Eventually, though, an elderly neighbour stopped by and gave me a bit of advice: you don’t chop wood with an axe, as you see in movies. You split wood, with a maul.
The thin, sharp blade of an axe, I discovered, is designed to chop across the wood fibres, as when you’re chopping down a tree. Hitting a tree trunk over and over in the same place cuts the lignin fibres above and below, knocking out chips and creating the familiar V-shaped incision. Axes are also lighter, about two kilograms, as you have to put all your muscle into the swing and don’t have gravity to help you.
A maul looks similar to an axe, but has a longer handle and a wider, heavier metal blade – wider so it doesn’t get stuck, and heavier so it comes down with more force. A maul’s wide, blunt blade is made to cut in the same direction as wood fibres, as when splitting logs for firewood; trying to cut down a tree with a maul is about as effective as doing so with a sledgehammer. Mauls usually weigh about four kilograms to carry more momentum in the swing; you’re swinging in the direction of gravity, so the weight becomes an advantage and not a liability.
Once you realise their purposes, their handles also make sense. An axe’s handle is great for swinging sideways, but swing it down and you risk hitting your legs. A maul’s longer handle hits the log with more force than an axe can, and if you miss, you just hit the ground.
To split wood, wear safety goggles if you can, although I’ve worn just my glasses in a pinch. Do wear something, though, as splinters can fly everywhere. Wear gloves that fit and can grip the handle.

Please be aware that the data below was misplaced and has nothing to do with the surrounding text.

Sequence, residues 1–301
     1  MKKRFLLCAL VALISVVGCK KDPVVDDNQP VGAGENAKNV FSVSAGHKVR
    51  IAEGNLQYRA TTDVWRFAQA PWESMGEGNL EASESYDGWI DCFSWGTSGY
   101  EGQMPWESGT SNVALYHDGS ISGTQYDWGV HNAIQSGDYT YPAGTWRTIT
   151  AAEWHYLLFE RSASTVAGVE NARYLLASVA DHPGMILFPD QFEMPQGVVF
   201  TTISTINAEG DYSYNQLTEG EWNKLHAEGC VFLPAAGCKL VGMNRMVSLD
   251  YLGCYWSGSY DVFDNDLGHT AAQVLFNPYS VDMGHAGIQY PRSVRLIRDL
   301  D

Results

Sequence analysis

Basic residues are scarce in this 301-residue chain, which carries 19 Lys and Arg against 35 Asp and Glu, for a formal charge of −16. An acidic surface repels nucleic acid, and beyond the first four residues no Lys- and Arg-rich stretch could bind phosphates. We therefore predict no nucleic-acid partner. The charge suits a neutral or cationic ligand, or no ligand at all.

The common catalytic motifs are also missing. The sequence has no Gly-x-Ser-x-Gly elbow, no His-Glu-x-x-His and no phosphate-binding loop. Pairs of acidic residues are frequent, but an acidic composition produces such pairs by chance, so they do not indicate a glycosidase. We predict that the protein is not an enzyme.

Take a log of about 20-to-50 centimetres long – any longer than that and you want to cut it again with a saw before you try to split it. Check for knots – you can have some, but position the log so your blows avoid them as much as possible. If it already has small cracks, try to cut in the direction of those.
Put the wood you want to split onto a stump, or onto the ground – but not onto stone or pavement, lest you miss and get shards of stone and metal flying everywhere. Stand with your legs apart slightly, with one farther back than the other, like you’re taking a step forward. If the maul won’t split a stubborn piece of wood, you can get a few wedges, inserting them into the log in the cuts your maul made, and then hitting them with a sledgehammer.
I wait until my logs are dried before splitting them, but ours are lilandia trees in the pine family – other types of wood, I’m told, are easier to split green. Most woods need to be dried at least six months before they can be burned in the fireplace, and preferably nine. By the way, we only cut our lilandia trees, which were numerous and overgrown on our property and are an invasive species, or woods that we can coppice or pollard and that grow back quickly, like willow. I find that wood seems to split more easily in cold weather, although it might just be in winter that I’m especially motivated to get it cut fast.
In any case, splitting wood this way on cold days keeps you warm twice; once from the exercise you get, and then in the evenings when you curl up by the fireplace with a good book.